Man Faces Attempted Murder Charge for Firing at Deputy
A suburban West Palm Beach man has been arrested following charges that he fired a weapon at a PBSO deputy during a foot chase. 30-year-old Dexter Latrell Lewis is charged with attempted first-degree murder, which in Florida carries the same penalty as first-degree murder. There were no injuries in the shooting. The judge presiding over his case ordered Lewis held without bail.
The deputy was responding to a domestic disturbance call when Lewis fled the apartment on foot. The deputy took cover as Lewis allegedly fired several shots as he was fleeing. Some details concerning the domestic disturbance that triggered the event have been redacted from the arrest report. However, witnesses told the officer that Lewis was armed.
At one point during the chase, Lewis apparently retreated near a fence and waited for the deputy to approach. When the deputy did approach, Lewis fired two more shots causing the deputy to seek cover. Lewis then jumped the fence, according to the deputy, and fired one more shot in the air.
Lewis was a resident at an apartment community. Members of the community told police that Lewis came home intoxicated and then brandished his weapon at a fellow resident who was playing a video game. The residents told him to stop, but Lewis would not. It was then that he attempted to fight multiple people, but he drew his weapon whenever anyone got close enough to hit him. When deputies approached, Lewis allegedly fired a shot at one of the residents before he fled on foot. Multiple witnesses fingered Lewis as the individual who fired at the deputy.
In the law, there is a concept called mens rea or “guilty mind.” Essentially, mens rea must be proven for certain allegations to stick. These include first-degree murder, second-degree murder, fraud, and several other types of charges. In other words, if the prosecution cannot prove mens rea or the intent to cause harm, the case isn’t there.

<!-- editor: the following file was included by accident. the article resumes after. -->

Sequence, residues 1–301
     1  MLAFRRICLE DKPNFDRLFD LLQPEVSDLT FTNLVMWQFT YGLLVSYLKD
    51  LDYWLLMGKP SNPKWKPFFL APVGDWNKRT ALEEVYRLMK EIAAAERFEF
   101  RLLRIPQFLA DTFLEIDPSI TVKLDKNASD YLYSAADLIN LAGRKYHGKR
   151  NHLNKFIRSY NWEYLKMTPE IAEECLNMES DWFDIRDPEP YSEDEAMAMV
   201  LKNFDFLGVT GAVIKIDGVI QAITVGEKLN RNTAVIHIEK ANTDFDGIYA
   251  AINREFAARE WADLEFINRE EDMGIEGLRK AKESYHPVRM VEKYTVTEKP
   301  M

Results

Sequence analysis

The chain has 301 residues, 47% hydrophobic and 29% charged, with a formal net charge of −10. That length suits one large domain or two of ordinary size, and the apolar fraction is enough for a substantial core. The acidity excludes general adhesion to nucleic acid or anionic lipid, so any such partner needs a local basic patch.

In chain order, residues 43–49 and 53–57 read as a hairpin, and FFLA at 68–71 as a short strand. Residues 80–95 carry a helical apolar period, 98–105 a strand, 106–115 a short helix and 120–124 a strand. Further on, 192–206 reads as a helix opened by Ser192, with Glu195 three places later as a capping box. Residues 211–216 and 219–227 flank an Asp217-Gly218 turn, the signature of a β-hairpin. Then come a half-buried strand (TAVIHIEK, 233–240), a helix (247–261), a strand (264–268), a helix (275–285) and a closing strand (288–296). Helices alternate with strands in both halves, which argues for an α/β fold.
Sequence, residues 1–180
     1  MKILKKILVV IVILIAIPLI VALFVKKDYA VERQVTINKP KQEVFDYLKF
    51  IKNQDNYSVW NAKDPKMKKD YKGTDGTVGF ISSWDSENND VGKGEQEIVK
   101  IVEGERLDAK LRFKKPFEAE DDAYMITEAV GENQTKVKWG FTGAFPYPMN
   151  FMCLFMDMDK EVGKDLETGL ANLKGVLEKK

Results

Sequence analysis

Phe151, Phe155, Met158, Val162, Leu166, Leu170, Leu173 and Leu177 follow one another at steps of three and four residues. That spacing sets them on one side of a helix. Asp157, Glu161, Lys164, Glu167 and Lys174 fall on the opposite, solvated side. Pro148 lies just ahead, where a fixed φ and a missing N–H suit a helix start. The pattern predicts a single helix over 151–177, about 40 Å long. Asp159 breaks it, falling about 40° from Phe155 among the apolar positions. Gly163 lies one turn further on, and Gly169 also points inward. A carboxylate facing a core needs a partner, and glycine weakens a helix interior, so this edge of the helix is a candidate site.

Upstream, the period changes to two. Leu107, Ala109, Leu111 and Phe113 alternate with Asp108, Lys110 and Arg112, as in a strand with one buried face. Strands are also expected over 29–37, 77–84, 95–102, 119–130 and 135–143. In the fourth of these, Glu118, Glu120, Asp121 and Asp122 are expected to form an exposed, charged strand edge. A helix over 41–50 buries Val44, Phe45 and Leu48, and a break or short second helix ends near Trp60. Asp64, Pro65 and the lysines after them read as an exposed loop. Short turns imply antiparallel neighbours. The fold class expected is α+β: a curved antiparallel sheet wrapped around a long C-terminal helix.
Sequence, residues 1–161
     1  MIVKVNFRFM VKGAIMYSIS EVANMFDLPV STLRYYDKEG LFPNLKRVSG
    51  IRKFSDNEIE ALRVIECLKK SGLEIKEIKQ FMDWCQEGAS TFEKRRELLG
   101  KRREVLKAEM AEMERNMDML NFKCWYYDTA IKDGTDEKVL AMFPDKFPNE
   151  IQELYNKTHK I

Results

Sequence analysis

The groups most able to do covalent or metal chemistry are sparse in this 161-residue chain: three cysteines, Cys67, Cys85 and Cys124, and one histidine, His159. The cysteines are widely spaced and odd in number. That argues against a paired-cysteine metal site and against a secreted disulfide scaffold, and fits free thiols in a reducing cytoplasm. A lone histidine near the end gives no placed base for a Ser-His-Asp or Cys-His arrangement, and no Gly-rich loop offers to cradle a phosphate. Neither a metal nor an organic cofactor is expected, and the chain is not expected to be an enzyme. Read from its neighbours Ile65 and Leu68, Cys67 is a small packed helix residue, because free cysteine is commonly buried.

An attorney for Lewis is likely to claim that the man was suffering from a psychotic episode at the time of the incident and did not, therefore, have a guilty mind. In fact, the entire case will hinge on whether or not the prosecution can prove beyond a reasonable doubt that Lewis was really trying to harm anyone. While insanity defenses don’t work very often, a defendant who is suffering from severe psychotic symptoms who didn’t injure anyone may be just the right fit for an insanity defense. For all we know, Lewis could have been firing warning shots or the pistol could have been firing blanks. The police have yet to recover the weapon, adding intrigue to the case.
It is likely that a defense attorney will be able to plead this down to reckless endangerment and get Lewis into a facility where he can learn to cope with his psychiatric symptoms in a way that doesn’t place himself and others in danger.
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